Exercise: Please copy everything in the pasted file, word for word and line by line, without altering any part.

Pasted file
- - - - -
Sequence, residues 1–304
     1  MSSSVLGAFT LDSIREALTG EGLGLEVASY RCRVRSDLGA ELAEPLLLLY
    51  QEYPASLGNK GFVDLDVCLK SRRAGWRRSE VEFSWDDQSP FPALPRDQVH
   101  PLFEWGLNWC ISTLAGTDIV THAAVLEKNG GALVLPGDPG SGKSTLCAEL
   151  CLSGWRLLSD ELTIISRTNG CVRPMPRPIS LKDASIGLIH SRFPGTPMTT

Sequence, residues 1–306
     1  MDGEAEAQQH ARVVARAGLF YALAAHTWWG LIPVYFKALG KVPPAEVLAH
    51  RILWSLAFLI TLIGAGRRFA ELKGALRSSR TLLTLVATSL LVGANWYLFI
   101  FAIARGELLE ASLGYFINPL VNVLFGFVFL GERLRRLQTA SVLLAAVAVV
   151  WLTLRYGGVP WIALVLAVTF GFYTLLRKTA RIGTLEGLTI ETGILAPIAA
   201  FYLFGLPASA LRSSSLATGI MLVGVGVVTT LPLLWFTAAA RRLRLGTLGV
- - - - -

Sequence, residues 1–304
     1  MSSSVLGAFT LDSIREALTG EGLGLEVASY RCRVRSDLGA ELAEPLLLLY
    51  QEYPASLGNK GFVDLDVCLK SRRAGWRRSE VEFSWDDQSP FPALPRDQVH
   101  PLFEWGLNWC ISTLAGTDIV THAAVLEKNG GALVLPGDPG SGKSTLCAEL
   151  CLSGWRLLSD ELTIISRTNG CVRPMPRPIS LKDASIGLIH SRFPGTPMTT

Sequence, residues 1–306
     1  MDGEAEAQQH ARVVARAGLF YALAAHTWWG LIPVYFKALG KVPPAEVLAH
    51  RILWSLAFLI TLIGAGRRFA ELKGALRSSR TLLTLVATSL LVGANWYLFI
   101  FAIARGELLE ASLGYFINPL VNVLFGFVFL GERLRRLQTA SVLLAAVAVV
   151  WLTLRYGGVP WIALVLAVTF GFYTLLRKTA RIGTLEGLTI ETGILAPIAA
   201  FYLFGLPASA LRSSSLATGI MLVGVGVVTT LPLLWFTAAA RRLRLGTLGV